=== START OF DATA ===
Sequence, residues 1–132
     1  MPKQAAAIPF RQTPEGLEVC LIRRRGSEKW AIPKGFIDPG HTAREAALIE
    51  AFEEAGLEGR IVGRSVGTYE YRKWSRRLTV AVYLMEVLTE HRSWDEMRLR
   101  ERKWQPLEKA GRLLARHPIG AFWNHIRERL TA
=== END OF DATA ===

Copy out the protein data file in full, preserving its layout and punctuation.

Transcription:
Sequence, residues 1–132
     1  MPKQAAAIPF RQTPEGLEVC LIRRRGSEKW AIPKGFIDPG HTAREAALIE
    51  AFEEAGLEGR IVGRSVGTYE YRKWSRRLTV AVYLMEVLTE HRSWDEMRLR
   101  ERKWQPLEKA GRLLARHPIG AFWNHIRERL TA